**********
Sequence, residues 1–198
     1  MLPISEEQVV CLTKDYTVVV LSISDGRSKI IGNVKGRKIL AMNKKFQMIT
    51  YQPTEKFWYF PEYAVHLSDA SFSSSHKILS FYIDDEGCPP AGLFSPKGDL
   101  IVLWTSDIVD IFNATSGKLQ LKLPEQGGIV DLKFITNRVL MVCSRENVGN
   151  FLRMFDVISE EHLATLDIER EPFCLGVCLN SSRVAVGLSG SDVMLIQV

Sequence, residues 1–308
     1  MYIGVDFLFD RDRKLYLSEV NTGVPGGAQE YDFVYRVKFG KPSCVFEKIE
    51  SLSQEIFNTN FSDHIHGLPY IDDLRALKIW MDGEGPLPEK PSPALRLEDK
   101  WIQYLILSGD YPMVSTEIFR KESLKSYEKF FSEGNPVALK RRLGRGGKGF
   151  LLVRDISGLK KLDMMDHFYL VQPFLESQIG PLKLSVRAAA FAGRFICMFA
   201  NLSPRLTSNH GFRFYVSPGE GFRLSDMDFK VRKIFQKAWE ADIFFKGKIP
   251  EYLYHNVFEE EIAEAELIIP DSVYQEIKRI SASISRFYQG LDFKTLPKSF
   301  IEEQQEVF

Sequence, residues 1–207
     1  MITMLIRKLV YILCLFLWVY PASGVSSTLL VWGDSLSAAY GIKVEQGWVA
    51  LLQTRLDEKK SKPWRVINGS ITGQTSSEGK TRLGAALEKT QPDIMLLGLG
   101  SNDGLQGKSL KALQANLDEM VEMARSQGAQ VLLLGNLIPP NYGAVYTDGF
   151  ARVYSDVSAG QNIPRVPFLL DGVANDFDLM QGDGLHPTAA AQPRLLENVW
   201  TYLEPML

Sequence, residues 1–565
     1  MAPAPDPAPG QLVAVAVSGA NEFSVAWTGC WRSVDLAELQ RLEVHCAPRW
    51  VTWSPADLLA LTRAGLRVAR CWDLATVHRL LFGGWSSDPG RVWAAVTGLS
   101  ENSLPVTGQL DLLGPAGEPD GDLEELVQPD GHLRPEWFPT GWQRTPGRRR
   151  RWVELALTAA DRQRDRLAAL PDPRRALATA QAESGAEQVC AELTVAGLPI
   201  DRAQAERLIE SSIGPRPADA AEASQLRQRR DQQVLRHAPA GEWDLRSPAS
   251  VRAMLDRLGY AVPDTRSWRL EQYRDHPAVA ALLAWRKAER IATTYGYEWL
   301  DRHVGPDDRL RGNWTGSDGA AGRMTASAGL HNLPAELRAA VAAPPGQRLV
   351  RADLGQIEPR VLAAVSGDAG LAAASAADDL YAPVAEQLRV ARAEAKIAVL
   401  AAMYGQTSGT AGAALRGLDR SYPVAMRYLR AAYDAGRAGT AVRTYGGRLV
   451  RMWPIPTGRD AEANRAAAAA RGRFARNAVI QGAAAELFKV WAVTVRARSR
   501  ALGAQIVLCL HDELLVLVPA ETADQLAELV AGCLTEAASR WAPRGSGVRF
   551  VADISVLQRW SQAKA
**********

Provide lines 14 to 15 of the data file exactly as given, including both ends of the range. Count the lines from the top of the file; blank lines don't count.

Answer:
Sequence, residues 1–207
     1  MITMLIRKLV YILCLFLWVY PASGVSSTLL VWGDSLSAAY GIKVEQGWVA